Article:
The recent proliferation and miniaturization of electronic devices such as two-way radios, portable music players, cell phones, personal data assistants (PDA's), training devices such as heart monitors, etc., has led to an increased demand for situations where such devices are used. For example, these and other devices are increasingly being used during athletic activities such as bicycle racing, triathlons and other timed competitions. Bicycle messengers often need to use devices such as two-way radios and/or cell phones while riding their bicycles. Like bicycle messengers, drivers of automobiles must also keep their eyes on the road, but at times desire to use such devices. Similarly, operators of machinery often need to pay close attention to the equipment with which they are working, but might need to operate an additional device.

Consequently, such devices are often being used in numerous and diverse ways, and often times in situations where it is important for the user to keep their eyes on the activity in which they are engaged, such as bicycling and driving. Also, many situations in which such devices are used are time sensitive, e.g., athletic competitions that can be won or lost by mere seconds, and the ability to use such a device quickly and easily could make the difference between winning and losing a race.

Further, operating devices when a user is clad in cold weather gear, e.g., wearing coats and gloves, can prove problematic. In such a situation, the user typically needs to shed their gloves and possibly open a zippered or otherwise closed pocket to access a switching device to operate the device.

A switch that needs to be depressed or moved, e.g., a button, knob, tab, slider, etc., needs a force to provide feedback against the action of operation of the switch, a switch that exists on a flexible material lacks the functionality of a traditional switch that exists on rigid material. Some known devices have incorporated a textile control pad or switch directly in the surface of clothing, such as a jacket. By pressing a button with a finger, a user can operate the switch. However, such a switch requires a user to use their arm or other portion of their body as resistance in order to operate the switch, which can be awkward, especially when a user is moving, or performing another task, such as riding a bicycle or driving a car. Additionally, a user must look at the clothing to find the switch before it can be operated. This can be problematic when the user is engaged in a time sensitive activity such as an athletic competition, or when the user needs to keep their eyes focused on another task.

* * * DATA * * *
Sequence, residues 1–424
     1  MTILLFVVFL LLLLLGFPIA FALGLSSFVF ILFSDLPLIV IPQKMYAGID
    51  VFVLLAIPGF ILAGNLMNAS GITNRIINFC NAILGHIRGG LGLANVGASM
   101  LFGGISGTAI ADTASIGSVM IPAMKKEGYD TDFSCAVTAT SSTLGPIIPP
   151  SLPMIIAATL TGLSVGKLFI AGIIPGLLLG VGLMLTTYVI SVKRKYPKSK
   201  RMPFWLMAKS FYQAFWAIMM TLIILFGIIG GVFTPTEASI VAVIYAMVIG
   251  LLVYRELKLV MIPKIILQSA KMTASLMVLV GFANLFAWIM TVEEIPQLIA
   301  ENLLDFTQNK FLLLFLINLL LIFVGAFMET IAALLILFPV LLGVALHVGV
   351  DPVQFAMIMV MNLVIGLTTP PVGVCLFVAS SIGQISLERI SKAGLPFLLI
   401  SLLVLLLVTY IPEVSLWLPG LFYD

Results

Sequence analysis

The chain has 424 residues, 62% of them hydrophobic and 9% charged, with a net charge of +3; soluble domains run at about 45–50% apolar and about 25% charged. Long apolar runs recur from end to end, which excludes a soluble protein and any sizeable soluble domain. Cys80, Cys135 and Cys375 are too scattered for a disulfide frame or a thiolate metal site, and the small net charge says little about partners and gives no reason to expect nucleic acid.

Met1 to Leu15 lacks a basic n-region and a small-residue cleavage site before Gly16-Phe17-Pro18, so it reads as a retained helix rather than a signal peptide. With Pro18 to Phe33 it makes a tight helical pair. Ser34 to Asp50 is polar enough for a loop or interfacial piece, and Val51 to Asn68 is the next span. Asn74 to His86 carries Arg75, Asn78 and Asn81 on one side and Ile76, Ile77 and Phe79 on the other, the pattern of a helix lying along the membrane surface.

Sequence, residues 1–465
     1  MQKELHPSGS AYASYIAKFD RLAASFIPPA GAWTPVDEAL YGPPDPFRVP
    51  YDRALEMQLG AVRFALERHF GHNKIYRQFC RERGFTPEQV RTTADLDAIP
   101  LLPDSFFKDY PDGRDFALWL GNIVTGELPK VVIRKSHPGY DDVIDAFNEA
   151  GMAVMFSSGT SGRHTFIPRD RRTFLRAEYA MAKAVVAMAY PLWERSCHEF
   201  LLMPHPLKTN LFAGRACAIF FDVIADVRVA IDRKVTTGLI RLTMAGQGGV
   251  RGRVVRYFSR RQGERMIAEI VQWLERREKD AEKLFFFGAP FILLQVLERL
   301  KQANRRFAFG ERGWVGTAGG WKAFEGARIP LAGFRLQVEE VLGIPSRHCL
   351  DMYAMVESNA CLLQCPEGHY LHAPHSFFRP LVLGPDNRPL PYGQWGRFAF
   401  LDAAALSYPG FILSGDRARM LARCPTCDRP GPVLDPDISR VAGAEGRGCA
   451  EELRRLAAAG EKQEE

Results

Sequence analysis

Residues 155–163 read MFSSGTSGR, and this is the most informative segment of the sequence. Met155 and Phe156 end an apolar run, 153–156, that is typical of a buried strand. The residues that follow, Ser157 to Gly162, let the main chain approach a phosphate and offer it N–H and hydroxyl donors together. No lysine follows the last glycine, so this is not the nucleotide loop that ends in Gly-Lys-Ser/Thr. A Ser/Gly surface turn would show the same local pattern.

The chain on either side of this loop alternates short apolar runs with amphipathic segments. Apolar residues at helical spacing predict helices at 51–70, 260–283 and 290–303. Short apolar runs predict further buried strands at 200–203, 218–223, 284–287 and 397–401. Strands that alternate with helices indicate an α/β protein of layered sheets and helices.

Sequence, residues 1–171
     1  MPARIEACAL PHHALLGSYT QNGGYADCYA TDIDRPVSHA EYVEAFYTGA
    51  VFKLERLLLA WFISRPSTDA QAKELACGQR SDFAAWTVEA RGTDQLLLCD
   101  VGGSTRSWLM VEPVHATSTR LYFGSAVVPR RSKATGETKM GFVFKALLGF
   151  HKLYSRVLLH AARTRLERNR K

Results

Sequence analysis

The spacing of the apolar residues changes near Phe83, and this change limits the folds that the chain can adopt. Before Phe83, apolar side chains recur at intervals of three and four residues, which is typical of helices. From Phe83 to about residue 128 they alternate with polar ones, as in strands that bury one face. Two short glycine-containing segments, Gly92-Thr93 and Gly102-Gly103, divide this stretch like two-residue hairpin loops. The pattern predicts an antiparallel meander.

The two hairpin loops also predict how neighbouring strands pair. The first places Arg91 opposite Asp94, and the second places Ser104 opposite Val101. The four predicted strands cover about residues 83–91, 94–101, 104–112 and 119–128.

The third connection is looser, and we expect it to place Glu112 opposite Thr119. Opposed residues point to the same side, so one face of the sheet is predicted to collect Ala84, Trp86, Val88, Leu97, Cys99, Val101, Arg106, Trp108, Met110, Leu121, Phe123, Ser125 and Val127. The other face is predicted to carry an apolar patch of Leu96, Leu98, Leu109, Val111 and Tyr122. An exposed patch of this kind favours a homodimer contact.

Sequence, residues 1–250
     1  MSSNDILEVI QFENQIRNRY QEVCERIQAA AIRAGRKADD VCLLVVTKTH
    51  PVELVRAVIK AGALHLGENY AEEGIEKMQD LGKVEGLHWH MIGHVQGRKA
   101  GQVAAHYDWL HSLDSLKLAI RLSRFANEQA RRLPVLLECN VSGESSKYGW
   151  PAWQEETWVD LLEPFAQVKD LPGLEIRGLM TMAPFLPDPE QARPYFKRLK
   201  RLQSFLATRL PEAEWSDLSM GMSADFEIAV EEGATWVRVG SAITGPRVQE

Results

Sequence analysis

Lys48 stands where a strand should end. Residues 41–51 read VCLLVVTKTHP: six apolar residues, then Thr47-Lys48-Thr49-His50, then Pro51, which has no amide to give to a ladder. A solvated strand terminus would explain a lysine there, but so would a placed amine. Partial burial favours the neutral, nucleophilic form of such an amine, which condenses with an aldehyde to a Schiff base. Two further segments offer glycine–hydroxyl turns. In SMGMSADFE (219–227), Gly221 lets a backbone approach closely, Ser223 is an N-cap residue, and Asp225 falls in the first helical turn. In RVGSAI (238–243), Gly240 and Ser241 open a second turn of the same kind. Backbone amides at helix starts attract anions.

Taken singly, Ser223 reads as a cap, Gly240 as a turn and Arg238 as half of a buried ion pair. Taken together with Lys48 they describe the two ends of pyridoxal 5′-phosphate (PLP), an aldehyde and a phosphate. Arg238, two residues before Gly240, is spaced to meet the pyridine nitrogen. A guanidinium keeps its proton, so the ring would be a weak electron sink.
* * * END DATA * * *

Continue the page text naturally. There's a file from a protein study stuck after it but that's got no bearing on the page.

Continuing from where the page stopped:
Thus, it would be desirable for an individual to be able to quickly access and operate a switching device that is secured to a flexible material, e.g., an article of clothing, without needing to look at the surface of the material to find the switching device, and without removing layers of clothing. Additionally, it would be desirable to have a switching device that does not require the user to use a part of their body other than their fingers to provide resistance in order to operate the switching device.

It is an object of the present invention to provide a switching device for flexible material that reduces or wholly overcomes some or all of the difficulties inherent in prior known devices. Particular objects and advantages of the invention will be apparent to those skilled in the art, that is, those who are knowledgeable or experienced in this field of technology, in view of the following disclosure of the invention and detailed description of certain preferred embodiments.

SUMMARY

In accordance with a first aspect, a switching device for use on flexible material includes a core member configured to be secured to and extend outwardly from flexible material, a switch supported by the core member, and a cover. The switch is configured to be operably connected to an electrical device. The resistance required to activate the switch beyond that provided by the user's fingers is provided solely by the core member, the switch, the cover or any combination thereof.

In accordance with another aspect, a switching device for use on flexible material includes a piece of flexible material, a core member secured to the flexible material, and a cover. A switch is supported by the core member and configured to be operably connected to an electrical device. Resistance required to activate the switch beyond that provided by the user's fingers is provided solely by the core member, the switch, the cover, or any combination thereof.

In accordance with yet another aspect, an article of apparel has at least a portion thereof formed of flexible material. A switching device is secured to the flexible material and is operable to operate an electrical device. The switching device includes a core member, an electrical switch supported by the core member, and a cover. The electrical switch is configured to be operably connected to an electrical device. The resistance required for a user to operate the switching device beyond that provided by the user's fingers is provided solely by the core member, the electrical switch, the cover or any combination thereof.